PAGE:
A question of survival: the ruck and rugby’s future

the 2003 Brumbies, doing their part to wreck rugby. Photo: Peter McIntosh
the 2003 Brumbies, doing their part to wreck rugby. Photo: Peter McIntosh
Band-Aids cannot cure what ails rugby, former Otago player and administrator Bill Thompson argues.

About 18 or 20 years ago the ACT Brumbies developed a new version of rugby. It dictated that the forwards not engage in rucks as in the past, but spread out in a line across the field as they do in rugby league.

This created a confused mindset in the opposition because even if they won the ball, which they did, they were faced with a wall of defenders to bash their way through. Of course the Brumbies were reckoning on knock-ons or whatever, meaning they could win the loose ball, or win the ensuing scrum.

In their wisdom coaches thought the only way to play the new version of rugby was to do as the Brumbies did. They copied them, and abandoned the ruck.

The game become a morphed version of league, and coaches in all the other teams failed to figure out what the Brumbies were doing to the game.

This was the start of rugby becoming a much less exciting game; hitherto the backs had room to run and pass, and create a spectacle for the paying public to appreciate and enjoy. From the day the Brumbies introduced this change, the game was on a downhill slope.

What I have described above is not rugby, although for those younger than 20 or 25 it is the only game they have known. Thankfully, there are recorded games from the 1980s and ’90s that show what exciting rugby was all about. If there are those who have not witnessed how the game was played and how it flowed, the evidence is stored safely for all to witness.

Then things get worse. Following the British and Irish Lions tour in 1993, there was much complaint from the Lions forwards in regard to the ruck. They did not appreciate being physically rucked out of a ruck if they had been lying on the ball, or failing to roll out on the ruck.

The rules of the day did not permit a player to remain on the ground, thus hindering one or other pack of forwards winning the ball. The British forwards objected to receiving sprig mark stripes on their bodies — yet no major or permanent damage was ever done to any forward thus removed from the ruck.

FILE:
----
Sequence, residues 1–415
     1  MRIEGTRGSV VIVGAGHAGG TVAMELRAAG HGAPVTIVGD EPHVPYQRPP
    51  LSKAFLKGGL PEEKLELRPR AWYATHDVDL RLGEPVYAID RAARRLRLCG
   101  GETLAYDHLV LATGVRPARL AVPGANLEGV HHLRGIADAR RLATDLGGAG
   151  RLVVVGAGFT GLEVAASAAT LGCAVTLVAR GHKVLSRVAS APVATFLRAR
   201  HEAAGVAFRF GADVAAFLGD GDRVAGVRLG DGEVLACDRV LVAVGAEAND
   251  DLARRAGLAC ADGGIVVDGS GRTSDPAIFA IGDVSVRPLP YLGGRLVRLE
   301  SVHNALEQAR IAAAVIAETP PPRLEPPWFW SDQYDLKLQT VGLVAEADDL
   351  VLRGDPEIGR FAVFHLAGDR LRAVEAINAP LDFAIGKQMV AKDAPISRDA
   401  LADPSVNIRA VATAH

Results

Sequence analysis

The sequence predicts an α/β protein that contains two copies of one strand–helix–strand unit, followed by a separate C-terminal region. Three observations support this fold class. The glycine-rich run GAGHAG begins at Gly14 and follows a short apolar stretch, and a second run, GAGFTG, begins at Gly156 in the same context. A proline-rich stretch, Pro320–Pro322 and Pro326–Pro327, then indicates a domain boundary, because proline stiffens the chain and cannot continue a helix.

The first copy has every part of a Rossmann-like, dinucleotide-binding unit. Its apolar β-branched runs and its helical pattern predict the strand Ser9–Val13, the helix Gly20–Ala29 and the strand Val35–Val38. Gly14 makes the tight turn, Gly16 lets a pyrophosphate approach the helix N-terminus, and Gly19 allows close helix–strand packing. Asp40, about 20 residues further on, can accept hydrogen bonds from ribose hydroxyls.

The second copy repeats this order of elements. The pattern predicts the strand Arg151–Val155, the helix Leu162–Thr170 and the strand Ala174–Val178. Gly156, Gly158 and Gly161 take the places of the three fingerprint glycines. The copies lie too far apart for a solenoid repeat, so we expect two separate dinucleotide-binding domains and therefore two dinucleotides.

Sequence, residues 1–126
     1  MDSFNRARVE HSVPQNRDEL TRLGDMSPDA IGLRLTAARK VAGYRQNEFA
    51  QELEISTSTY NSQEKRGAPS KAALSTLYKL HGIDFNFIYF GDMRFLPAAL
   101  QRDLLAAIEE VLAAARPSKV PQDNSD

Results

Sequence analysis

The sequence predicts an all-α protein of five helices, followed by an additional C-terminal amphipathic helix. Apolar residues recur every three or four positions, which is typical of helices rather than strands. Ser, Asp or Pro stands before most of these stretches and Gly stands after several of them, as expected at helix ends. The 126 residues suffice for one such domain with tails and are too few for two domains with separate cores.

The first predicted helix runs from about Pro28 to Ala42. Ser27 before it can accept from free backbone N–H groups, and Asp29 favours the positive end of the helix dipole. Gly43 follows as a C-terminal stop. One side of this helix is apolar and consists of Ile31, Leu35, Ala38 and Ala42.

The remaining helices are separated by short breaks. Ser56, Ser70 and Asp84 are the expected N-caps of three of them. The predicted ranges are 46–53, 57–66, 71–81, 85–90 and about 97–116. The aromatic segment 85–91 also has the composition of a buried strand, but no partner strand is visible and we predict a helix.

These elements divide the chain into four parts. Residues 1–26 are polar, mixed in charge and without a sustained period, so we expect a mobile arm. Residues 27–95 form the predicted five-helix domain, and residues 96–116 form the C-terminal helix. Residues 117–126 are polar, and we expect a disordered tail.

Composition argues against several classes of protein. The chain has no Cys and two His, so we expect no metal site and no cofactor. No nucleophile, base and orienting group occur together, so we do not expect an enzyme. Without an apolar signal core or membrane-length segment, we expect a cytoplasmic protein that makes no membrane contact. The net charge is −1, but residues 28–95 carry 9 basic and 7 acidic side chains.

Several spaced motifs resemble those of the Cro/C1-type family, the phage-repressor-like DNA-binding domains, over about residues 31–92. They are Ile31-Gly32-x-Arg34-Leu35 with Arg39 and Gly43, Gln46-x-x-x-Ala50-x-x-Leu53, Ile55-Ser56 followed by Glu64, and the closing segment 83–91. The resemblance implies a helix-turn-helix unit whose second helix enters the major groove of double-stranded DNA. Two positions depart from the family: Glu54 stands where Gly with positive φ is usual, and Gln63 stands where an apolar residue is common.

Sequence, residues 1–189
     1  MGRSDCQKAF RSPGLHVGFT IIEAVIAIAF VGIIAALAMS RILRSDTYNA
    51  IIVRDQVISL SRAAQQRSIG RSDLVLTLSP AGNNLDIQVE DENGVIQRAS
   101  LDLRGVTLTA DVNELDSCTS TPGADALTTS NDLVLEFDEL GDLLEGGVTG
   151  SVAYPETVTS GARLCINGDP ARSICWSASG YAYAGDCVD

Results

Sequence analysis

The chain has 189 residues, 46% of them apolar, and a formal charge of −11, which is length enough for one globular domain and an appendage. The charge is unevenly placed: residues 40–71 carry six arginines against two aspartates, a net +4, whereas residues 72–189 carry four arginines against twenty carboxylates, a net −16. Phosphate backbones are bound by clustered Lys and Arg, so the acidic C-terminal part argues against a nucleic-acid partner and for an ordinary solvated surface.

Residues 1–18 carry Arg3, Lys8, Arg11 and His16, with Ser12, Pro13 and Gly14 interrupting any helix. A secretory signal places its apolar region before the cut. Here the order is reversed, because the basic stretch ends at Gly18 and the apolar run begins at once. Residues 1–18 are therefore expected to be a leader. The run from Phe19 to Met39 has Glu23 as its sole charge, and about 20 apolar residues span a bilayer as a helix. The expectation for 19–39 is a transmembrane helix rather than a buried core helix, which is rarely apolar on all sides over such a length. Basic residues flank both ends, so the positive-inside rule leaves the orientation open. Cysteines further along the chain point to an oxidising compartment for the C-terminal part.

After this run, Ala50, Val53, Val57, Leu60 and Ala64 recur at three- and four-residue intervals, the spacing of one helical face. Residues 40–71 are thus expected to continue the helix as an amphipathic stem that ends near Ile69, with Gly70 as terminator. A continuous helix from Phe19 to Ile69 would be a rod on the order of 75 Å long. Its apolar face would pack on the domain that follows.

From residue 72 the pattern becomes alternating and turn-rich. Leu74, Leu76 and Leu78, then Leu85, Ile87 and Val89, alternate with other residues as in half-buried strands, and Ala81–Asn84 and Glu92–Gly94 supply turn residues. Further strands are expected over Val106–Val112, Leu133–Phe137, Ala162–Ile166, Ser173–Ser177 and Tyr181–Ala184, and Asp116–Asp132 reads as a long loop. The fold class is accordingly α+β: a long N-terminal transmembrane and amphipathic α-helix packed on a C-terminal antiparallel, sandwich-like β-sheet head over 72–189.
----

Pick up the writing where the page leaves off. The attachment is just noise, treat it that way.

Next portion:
That rule meant the team that had the greatest number of forwards committed to the ruck could push their opposition backwards, and off the ball and in so doing present the ball quickly for their backs to perform their magic.

It made for a faster game because the ruck was upright and a faster means of moving on from a tackle or broken play. Critically, it was visible to the onlooker and did not attract the criticism constantly directed at the current maul.

Thus the British were the originators of the maul ... and the southern hemisphere unions went along with it. It has done nothing for the game other than to slow it down and inflict injuries on players, most of whom break the rules as they dive into or on to the heap of bodies in the maul.

All this shambles, of players going in all directions, totally confuses the long-suffering public, who don’t know what rule the ref is going to blow the whistle for because the rules are such a mystery.

The maul has to be dispensed with, and the ruck returned as the means of keeping the game flowing following a breakdown,

i.e. where a back is tackled or a knock-on occurs and where the opposition gains possession.